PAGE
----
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Physics student in need of some help

  1. Mar 19, 2007 #1
    I'm fairly new here and I was in search of some help to clarify some problems. I know that it may sound very easy to most on this forum but I seem to be having a tough time with straight-line (linear) motion problems. When being asked specific questions in a problem I notice that one has to go beyond what's originally being asked of you. For example, I might be asked to find the acceleration, but I might need to find the time to help solve the puzzle. Also, problems dealing with the acceleration of two bodies can really get to me as well. Here is an example of a problem that I took straight out of my text book. Please help:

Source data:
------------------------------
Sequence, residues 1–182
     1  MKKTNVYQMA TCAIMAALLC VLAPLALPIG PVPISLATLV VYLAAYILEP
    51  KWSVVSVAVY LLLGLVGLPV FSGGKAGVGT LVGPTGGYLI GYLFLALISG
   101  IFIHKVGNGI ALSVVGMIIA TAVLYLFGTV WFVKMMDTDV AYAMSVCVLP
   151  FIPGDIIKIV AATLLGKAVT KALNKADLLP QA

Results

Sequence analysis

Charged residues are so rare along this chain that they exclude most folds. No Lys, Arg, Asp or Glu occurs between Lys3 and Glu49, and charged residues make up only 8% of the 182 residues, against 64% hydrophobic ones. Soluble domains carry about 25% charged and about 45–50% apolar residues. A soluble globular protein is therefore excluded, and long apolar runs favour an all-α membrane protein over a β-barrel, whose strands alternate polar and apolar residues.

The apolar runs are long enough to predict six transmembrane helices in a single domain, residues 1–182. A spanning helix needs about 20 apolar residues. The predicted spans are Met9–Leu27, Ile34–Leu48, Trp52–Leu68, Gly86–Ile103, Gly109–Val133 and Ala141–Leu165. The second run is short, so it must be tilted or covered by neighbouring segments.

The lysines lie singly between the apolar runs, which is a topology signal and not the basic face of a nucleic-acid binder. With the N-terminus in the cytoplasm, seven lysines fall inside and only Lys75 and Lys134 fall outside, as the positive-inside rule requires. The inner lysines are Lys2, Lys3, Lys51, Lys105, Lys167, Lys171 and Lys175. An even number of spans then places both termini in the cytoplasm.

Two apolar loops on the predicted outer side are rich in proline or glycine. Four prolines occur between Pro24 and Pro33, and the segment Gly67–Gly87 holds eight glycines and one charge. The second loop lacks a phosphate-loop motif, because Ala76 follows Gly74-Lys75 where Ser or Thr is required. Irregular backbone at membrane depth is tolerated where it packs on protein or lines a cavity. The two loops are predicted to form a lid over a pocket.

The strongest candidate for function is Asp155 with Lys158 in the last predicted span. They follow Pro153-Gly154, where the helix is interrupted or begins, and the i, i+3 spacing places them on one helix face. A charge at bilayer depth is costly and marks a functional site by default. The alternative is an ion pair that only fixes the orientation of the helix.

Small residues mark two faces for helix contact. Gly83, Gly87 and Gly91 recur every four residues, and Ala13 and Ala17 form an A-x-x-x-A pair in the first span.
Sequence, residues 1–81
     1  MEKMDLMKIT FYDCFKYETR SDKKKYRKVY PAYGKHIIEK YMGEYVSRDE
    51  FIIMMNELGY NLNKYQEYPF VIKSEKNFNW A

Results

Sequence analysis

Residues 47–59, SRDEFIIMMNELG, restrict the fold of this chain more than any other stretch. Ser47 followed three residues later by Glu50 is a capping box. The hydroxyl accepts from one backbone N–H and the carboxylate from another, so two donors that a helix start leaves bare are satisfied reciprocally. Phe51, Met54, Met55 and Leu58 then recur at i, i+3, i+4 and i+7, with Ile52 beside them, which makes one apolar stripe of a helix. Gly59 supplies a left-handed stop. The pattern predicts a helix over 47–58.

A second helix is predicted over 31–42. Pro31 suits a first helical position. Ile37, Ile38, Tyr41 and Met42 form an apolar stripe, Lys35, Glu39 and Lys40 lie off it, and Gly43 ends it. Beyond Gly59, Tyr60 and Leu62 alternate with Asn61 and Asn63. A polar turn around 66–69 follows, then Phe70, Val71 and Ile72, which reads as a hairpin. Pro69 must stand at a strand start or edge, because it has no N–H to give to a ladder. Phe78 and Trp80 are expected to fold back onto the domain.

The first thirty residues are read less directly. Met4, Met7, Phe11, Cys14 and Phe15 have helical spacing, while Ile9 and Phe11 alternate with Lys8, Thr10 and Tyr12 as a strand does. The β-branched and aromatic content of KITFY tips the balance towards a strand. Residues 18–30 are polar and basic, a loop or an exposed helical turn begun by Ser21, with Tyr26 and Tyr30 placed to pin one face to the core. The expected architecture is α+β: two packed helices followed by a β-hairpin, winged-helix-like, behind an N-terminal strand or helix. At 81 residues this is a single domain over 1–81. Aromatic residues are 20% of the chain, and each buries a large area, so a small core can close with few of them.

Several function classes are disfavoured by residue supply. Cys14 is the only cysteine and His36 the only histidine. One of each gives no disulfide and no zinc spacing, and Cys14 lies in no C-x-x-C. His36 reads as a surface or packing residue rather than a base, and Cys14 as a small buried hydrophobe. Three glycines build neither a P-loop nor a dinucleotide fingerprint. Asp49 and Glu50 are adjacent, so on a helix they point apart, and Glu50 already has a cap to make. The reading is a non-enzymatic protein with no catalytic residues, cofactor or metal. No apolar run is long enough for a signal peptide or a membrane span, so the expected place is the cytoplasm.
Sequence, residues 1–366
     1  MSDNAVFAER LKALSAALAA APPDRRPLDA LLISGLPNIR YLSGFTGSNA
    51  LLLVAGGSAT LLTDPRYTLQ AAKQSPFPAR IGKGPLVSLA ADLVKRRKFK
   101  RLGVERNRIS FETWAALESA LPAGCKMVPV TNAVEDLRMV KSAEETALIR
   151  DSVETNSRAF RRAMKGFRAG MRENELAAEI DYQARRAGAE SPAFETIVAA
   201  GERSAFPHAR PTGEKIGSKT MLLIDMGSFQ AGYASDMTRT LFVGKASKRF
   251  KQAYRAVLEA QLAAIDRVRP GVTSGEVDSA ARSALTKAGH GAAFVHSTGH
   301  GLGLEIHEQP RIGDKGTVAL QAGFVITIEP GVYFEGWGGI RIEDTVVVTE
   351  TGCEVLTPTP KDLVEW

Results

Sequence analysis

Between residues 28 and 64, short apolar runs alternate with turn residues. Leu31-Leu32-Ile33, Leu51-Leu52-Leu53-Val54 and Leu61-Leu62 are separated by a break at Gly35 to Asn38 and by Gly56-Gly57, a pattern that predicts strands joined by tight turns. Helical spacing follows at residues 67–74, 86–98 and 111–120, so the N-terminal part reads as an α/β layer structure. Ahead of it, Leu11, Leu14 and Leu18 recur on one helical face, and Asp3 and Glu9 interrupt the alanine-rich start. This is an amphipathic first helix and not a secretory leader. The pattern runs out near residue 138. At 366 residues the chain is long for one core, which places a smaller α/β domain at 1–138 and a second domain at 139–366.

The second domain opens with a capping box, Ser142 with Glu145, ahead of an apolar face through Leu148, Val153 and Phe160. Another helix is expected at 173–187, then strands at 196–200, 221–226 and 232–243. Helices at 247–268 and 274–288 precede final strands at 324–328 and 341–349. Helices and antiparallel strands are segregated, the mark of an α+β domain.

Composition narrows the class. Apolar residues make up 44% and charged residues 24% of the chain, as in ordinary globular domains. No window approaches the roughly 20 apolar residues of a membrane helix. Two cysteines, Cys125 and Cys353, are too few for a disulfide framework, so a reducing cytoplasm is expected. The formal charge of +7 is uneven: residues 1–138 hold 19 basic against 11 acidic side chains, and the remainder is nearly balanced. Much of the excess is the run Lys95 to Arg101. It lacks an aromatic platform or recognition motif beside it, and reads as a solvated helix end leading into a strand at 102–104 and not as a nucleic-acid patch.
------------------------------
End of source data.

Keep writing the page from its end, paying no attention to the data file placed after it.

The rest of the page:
Large cockroaches can run as fast as 1.50m/s in short bursts. Suppose you turn on the light in a cheap motel and see one scurrying directly away from you at a constant 1.50m/s as you move toward it at 0.80m/s. If you start 0.90m behind it, what minimum constant acceleration would you need to catch up with it when it has traveled 1.20m, just short of safety under a counter?

    I was having problems determing if 0.80m/s was the man's initial velocity or the final velocity when he turned on the light. Also, 0.90m threw me off a bit. Please help and thanks in advance.
  2. jcsd
  3. Mar 19, 2007 #2
    0.8 m/s is the man's initial velocity, it seems to be a straightforward application of the equation relating distance and acceleration:
    d = v_0 + {\textstyle{1 \over 2}}at^2

    -t will be the time it takes the cockroach to reach its shelter
    -distance will be the distance the person needs to travel (.9m+1.2m)
    -initial velocity is 0.8 m/s
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